Driving the length of the 26-mile toll lanes being added on Interstate 77 between uptown and Mooresville will cost up to $6.95 during peak times, according to rates disclosed Thursday by private operator I-77 Mobility Partners. Those rates will be in effect for the first six months the toll lanes are open and, after that, the company will switch to dynamic pricing, with rates changing as often as every 5 minutes.
On Thursday evening at Huntersville United Methodist Church, representatives from I-77 Mobility Partners — a spinoff from Madrid-based global infrastructure firm Cintra — presented a 25-minute overview and then heard comments and questions from a small crowd made up of opponents and critics. Nine attendees spoke as part of the toll-rate meeting. Accusations flew during the public comment portion, including assertions that the private operator has been sloppy during the construction phase, that rates can and will go much higher, that the project will wind up in bankruptcy as has happened in other states, and so on.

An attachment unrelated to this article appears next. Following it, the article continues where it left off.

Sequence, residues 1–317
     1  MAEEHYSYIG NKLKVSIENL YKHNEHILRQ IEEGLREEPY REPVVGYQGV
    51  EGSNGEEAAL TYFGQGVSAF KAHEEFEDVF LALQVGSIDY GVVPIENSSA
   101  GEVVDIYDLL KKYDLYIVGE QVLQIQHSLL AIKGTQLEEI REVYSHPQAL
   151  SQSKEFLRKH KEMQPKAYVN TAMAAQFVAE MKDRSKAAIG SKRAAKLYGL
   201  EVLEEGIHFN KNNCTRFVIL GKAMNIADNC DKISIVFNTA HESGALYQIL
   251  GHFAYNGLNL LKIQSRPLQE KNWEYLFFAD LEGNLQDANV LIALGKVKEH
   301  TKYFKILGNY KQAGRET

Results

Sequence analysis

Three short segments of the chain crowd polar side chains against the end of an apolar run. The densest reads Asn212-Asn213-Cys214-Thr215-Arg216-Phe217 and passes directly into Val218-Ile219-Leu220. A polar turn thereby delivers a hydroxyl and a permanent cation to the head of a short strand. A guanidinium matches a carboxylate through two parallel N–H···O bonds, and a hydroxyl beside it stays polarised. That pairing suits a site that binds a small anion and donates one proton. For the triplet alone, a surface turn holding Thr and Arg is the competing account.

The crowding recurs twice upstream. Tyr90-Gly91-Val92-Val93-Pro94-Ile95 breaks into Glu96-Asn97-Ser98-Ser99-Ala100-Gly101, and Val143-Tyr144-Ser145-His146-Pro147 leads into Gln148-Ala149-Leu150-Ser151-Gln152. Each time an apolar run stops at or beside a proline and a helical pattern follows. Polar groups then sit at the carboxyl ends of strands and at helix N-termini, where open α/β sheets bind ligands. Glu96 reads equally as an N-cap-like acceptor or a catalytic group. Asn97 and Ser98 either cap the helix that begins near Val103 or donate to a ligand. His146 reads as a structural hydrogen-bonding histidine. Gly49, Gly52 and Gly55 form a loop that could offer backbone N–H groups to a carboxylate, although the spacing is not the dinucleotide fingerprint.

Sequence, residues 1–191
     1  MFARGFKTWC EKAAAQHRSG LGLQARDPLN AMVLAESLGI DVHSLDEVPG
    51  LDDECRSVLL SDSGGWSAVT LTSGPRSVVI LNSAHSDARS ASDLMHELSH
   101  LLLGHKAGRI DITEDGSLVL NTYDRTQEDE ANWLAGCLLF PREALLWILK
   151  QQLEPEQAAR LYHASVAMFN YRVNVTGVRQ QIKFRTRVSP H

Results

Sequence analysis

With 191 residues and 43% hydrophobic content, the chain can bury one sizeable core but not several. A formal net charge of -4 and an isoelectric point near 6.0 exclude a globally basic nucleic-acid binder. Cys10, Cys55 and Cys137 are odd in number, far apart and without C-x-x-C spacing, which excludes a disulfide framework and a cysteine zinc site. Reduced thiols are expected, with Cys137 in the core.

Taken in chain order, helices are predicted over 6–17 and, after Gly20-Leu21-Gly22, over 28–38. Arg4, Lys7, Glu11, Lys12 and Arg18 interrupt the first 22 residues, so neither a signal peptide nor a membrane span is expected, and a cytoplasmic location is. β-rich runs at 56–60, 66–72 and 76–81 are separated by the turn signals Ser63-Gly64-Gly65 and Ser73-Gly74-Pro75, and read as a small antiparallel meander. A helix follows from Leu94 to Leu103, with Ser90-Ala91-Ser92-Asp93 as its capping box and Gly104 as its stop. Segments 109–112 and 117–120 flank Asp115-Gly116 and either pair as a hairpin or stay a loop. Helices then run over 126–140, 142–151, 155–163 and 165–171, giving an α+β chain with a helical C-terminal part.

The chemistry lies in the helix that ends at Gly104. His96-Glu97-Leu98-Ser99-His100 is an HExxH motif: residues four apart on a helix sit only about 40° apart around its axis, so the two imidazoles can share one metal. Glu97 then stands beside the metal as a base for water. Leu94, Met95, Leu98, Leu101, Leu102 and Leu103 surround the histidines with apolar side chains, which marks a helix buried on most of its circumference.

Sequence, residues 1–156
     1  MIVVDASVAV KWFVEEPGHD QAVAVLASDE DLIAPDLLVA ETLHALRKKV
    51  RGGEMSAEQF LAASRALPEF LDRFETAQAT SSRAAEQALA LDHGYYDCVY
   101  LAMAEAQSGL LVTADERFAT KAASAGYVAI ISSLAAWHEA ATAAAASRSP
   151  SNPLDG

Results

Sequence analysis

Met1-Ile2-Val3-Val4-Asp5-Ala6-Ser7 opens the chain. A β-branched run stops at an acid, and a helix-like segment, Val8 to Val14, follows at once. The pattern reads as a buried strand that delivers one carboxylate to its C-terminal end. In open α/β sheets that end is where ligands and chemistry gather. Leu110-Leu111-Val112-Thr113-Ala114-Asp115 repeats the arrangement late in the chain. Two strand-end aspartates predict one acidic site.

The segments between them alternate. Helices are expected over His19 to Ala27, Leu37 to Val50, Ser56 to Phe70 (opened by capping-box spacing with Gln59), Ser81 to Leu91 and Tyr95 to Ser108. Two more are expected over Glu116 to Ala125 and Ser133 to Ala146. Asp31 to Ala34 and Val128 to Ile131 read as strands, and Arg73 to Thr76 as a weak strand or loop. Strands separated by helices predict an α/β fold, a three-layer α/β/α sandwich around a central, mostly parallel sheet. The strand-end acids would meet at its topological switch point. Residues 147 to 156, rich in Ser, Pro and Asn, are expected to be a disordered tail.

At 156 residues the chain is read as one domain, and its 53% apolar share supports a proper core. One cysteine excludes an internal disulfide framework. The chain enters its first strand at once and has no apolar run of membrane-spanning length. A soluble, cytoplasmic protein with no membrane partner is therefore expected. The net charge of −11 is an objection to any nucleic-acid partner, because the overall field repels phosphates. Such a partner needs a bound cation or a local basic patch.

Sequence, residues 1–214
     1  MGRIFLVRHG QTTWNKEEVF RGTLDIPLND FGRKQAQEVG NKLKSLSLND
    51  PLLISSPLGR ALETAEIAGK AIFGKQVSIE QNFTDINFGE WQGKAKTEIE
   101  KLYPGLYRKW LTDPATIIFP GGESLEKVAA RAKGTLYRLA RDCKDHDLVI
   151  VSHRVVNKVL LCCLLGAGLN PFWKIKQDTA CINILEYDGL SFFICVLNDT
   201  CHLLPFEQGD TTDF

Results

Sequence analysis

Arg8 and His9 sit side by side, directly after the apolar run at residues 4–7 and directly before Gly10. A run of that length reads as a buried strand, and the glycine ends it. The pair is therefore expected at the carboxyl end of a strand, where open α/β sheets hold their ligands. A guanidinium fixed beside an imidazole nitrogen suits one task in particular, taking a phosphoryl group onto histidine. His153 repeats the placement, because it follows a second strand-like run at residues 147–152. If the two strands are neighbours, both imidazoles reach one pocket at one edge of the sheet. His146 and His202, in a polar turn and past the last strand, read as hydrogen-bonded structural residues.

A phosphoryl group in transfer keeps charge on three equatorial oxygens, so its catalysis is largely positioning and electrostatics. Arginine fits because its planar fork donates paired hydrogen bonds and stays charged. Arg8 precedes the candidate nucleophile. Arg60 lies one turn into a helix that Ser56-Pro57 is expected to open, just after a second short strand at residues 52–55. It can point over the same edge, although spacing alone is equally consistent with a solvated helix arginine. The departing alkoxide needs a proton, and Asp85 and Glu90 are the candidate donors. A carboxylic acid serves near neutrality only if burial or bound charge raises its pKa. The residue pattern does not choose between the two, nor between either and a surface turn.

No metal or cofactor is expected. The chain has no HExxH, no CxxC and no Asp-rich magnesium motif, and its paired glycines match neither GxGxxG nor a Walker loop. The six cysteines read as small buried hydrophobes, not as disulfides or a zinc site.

State Rep. Chaz Beasley, a Mecklenburg Democrat whose district includes northern portions of the county, referred to previous concerns raised that round-trip rates could be in the range of $20. According to rates for the period after the six-month trial, round-trips could cost as much as $19.90, based on the I-77 Mobility Partners figures introduced Thursday.
“Ultimately, I think that everyone in this district and in this area just wants to have some clarity and wants to have transparency about what’s going on in this project,” Beasley said, addressing the three I-77 Mobility Partners representatives who attended the meeting and sat at a table in front of the room as speakers tore into the project. “When it comes to the pricing model itself, we know from the fine print that this is just the beginning, that we’re just starting out at around $19, that that number can go up over time.”
Beasley chided the private contractor for disclosing rates by segment without adding up the figures to give a fuller picture of what it will cost people in total to use the lanes. He went on to say round-trip costs of $25 to $30 are possible.